While early admission applications fell by 14 percent, regular admission applications increased substantially for an overall increase of about 10 percent. Admissions officials attributed the decrease in early admissions to concerns about the economy and that potential applicants may have been deterred by the University’s greater selectivity last year. Early admissions made up about one- third of acceptances.

Although the admissions rate is lower than ever before, it remains much higher than that of peer institutions, such as Harvard’s 7 percent, Yale’s 7.5 percent, Stanford’s 7.6 percent and Princeton’s 9.79 percent. This year, Harvard had 29,112 applicants for about 1,500 spots, and 30,428 students applied for about 1,700 spots at Stanford.

The class of 2013 is the last admitted by Ted O’Neill and Michael Behnke. In June, Behnke, vice president and dean of college admissions and financial aid, will be replaced by Jim Nondorf, and O’Neill will leave the admissions office to focus on teaching.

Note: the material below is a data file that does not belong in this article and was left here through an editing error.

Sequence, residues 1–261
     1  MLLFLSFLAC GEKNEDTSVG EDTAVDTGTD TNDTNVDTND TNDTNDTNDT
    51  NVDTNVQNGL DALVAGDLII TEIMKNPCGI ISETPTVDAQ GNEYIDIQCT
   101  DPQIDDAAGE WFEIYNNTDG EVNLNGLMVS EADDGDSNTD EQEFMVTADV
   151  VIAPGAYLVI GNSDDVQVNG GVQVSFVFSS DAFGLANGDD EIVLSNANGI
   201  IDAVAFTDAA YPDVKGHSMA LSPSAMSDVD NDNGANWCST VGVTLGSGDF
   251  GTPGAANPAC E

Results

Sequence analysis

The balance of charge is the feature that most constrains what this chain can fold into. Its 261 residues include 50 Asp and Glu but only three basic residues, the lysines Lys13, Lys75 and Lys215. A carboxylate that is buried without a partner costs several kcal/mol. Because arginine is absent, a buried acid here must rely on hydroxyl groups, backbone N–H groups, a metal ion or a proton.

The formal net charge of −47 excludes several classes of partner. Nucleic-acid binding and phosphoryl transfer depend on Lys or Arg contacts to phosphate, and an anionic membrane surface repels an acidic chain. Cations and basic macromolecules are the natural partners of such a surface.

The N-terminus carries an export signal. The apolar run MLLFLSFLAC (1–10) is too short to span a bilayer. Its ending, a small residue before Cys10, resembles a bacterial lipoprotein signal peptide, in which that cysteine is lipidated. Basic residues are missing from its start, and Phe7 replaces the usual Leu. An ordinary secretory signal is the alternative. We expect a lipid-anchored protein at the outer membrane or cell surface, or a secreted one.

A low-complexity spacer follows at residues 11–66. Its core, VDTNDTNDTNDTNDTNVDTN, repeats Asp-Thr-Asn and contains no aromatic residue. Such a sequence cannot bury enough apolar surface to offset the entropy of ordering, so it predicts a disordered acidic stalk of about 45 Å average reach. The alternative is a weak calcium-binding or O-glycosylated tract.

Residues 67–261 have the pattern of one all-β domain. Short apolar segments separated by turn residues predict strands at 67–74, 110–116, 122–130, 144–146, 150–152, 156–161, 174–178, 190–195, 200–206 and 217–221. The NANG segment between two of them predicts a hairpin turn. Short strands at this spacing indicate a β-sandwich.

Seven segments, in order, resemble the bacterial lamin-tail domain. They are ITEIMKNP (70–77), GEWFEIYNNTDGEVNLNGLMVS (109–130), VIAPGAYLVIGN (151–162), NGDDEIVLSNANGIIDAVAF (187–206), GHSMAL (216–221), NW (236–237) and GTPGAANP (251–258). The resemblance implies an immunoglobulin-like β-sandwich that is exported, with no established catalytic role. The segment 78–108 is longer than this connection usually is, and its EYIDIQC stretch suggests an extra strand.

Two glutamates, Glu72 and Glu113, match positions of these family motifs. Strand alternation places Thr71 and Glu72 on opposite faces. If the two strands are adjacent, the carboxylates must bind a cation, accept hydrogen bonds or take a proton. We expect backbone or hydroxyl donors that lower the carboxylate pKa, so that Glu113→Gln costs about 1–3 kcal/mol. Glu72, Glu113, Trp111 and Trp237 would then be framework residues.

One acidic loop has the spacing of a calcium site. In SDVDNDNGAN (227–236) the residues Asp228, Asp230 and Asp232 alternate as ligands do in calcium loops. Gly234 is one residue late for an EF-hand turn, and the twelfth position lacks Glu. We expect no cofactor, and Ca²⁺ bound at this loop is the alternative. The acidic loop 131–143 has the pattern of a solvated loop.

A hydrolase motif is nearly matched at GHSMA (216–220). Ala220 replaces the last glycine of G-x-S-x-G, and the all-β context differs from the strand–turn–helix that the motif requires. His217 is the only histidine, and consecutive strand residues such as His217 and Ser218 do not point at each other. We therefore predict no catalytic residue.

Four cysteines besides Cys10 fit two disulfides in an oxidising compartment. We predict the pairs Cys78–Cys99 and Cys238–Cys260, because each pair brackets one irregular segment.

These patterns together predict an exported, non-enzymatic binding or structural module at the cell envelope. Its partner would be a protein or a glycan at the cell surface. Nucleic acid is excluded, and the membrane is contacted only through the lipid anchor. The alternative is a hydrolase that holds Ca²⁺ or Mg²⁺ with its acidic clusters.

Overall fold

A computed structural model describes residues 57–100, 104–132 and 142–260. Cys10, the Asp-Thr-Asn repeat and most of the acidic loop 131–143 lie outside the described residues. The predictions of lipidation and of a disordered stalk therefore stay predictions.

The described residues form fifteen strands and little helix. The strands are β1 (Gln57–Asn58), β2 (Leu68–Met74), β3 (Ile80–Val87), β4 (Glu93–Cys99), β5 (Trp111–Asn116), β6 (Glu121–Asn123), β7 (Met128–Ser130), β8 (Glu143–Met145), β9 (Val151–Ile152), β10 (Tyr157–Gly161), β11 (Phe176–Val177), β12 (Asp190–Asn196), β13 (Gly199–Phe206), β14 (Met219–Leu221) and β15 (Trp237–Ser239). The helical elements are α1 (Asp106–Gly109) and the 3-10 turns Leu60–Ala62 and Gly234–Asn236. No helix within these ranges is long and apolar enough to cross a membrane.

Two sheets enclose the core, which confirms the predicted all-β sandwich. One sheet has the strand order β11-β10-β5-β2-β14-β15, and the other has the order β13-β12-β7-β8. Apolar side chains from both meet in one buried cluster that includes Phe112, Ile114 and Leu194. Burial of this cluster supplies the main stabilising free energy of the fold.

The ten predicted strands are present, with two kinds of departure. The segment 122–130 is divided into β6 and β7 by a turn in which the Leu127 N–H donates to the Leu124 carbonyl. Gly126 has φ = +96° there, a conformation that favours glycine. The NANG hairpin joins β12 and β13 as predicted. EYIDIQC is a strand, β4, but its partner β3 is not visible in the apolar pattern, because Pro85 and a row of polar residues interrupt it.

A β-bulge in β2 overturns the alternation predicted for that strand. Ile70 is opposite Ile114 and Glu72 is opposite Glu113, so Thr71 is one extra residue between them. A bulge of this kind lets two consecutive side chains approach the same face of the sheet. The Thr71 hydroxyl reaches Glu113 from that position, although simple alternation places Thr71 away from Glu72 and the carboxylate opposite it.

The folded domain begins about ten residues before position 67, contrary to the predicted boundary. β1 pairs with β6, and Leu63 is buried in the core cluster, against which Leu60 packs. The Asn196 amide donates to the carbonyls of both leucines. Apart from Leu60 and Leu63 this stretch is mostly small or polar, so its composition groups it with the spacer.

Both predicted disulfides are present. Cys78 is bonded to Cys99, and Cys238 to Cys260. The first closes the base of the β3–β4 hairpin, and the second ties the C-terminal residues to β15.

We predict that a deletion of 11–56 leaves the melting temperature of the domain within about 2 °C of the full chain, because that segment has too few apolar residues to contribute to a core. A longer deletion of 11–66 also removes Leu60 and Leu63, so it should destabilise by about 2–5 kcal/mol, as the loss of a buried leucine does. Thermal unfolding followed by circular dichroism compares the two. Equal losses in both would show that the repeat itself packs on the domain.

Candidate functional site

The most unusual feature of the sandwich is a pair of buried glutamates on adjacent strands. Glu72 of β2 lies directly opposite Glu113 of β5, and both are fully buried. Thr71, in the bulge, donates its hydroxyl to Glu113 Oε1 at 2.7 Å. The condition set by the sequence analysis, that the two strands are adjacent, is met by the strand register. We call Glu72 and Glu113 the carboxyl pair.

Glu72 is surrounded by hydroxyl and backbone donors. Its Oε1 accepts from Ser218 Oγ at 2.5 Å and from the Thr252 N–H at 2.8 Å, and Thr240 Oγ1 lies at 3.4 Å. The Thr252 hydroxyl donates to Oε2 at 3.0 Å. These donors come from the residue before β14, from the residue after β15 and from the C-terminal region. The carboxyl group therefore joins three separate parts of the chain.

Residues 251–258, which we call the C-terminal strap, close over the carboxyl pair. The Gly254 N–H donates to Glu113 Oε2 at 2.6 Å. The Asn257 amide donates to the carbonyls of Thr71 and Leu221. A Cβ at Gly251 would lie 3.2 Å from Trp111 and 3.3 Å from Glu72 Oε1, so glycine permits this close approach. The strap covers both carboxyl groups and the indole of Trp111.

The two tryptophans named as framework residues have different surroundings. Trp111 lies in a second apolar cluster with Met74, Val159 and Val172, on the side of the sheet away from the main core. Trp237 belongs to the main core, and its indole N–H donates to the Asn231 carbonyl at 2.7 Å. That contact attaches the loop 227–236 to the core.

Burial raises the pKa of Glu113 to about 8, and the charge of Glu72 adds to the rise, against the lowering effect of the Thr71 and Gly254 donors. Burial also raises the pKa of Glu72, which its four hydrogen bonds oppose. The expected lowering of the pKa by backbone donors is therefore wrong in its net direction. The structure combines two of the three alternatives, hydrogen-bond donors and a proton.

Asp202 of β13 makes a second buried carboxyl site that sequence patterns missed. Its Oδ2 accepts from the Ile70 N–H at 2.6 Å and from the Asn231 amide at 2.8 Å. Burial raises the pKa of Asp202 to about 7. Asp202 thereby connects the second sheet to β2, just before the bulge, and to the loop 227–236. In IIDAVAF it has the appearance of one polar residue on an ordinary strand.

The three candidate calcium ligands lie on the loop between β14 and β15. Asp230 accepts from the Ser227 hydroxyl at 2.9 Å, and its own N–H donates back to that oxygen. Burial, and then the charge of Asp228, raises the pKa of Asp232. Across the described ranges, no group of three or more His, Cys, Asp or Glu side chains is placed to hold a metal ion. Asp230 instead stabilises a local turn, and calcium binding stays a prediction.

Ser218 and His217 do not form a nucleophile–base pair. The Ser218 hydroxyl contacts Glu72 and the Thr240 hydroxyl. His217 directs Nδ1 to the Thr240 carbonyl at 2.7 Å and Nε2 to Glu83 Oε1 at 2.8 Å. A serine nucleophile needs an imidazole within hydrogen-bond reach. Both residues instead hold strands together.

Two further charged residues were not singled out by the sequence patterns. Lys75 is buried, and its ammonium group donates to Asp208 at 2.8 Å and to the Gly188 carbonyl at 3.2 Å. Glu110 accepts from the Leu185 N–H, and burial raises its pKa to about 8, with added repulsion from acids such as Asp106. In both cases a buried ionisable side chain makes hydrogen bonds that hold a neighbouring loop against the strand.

O’Neill said that regardless of any changes in numbers, this class represents the same values that he has emphasized every year. “My mark is 28 years old. We looked for a good class every year. We didn’t look for different things. We looked for the same things: students who most appreciate a Chicago education,” O’Neill said.

  • Sara J

    Nice graphic!

  • Ray

    Since when H,Y, P and S were CHicago’s peers? I always thought NYU, JHU and Emory were…

  • Todd

    I dunno if Harvard and Yale are Chicago’s peers, but certainly places like Cornell, UPenn, and Hopkins seems to be…

    Ray, NYU and Emory? Seriously?

  • tracy

    out in the real world, you’ll find out that the education from the uofc – from the college – pretty much meets or beats the education level and what is taught in the classroom at the ivys. i should know -i graduated from the college, had siblings and friends at ivys and now work at harvard. the uofc education is respected and deservedly so.

  • Vikram

    Ray is a moron.

  • Fact

    To Todd and Ray: